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Australia Marks Refugee Week as Campaigners Urge for Better Policy  

FILE - A small group of protesters march in Sydney, June 13, 2020, during a day of demonstrations across Australia in support of the Black Lives Matter movement and refugee rights.

On World Refugee Day 2022, the United Nations’ refugee agency says 100 million people are currently forced to flee their homes around the world. Australia is recognized for its record-breaking donations to help victims of conflicts in Afghanistan and Ukraine.

Developing nations host the vast majority of the world’s displaced people and refugees.

In 2020, Australia granted humanitarian visas to just over 13,000 people. Official data has shown that about 5,000 more places were not offered because of the pandemic.

The Australian Labor party, which won May’s election, has said it plans to “progressively increase” Australia’s refugee intake to 27,000 per year.

The Refugee Council of Australia, an advocacy organization, has said Canberra was “well placed to make a more significant contribution” to the resettlement of refugees.

Lawyer Danijel Malbasa, a former refugee who came to Australia fleeing conflict in the former Yugoslavia, says his adopted country can be more accommodating.

“I really think we are big enough and generous enough to be a welcoming country — just to look at our own history; after World War Two we took in 900,000 people. Many of us have refugee roots. You just need to look into your own family background. Refugees are not a problem. We are a resource,” said Malbasa.

Australia is marking Refugee Week from June 19 to June 25.

Travelers have been recalling the difficulties they experienced in Australia during more than two years of COVID-19 restrictions, including international border closures and strict lockdowns.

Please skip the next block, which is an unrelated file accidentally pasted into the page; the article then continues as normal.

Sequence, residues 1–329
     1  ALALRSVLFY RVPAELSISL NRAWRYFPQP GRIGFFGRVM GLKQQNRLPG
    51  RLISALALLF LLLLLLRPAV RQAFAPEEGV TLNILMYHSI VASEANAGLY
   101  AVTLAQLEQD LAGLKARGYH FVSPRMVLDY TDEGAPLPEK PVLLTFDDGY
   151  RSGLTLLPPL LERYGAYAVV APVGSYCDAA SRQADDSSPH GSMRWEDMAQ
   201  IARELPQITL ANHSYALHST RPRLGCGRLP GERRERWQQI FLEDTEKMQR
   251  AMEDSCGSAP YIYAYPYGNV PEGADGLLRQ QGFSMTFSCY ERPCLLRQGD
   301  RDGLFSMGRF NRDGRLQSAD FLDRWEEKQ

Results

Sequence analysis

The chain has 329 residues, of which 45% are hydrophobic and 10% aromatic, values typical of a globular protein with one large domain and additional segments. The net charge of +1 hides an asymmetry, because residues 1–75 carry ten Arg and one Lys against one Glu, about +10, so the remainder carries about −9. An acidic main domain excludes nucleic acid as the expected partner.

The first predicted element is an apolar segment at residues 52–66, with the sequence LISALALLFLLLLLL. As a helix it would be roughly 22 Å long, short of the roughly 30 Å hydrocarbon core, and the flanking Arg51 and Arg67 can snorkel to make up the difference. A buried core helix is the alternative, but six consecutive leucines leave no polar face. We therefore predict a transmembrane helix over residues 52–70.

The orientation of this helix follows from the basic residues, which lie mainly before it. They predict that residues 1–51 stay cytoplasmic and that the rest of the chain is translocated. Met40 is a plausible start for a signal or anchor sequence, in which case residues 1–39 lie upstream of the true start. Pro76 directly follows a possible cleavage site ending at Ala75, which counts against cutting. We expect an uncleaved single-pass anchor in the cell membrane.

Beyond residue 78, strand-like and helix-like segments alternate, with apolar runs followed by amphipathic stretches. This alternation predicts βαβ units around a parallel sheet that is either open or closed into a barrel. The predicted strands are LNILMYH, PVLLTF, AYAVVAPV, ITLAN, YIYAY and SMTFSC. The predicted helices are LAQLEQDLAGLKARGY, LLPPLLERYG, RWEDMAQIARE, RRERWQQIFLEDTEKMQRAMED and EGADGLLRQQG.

Bully Camara is an employment facilitator at Community Corporate, a social enterprise that helps refugees to find work.

He says many refugees lost their jobs during the pandemic, while others were concerned about the military imposing stay-at-home orders in Sydney and Melbourne.

“Seeing a soldier means to run away or seeing a soldier reminds them of what they ran away from. Seeing a soldier reminds them of the trauma or the difficulties that they have gone through. So, to come here and look through your window and see soldiers in uniform or policemen in uniform was not a good feeling for most of them,” he said.

The United Nations’ refugee agency, the UNHCR, has said that it has raised record amounts of donations in Australia in the past year for its appeals to help those displaced by war and unrest in Afghanistan and Ukraine.

Several thousand Ukrainians have also been offered temporary humanitarian visas by Australia. It is one of the world’s most culturally diverse countries.

Campaigners have insisted that refugees have played a key role in Australia’s multicultural success story.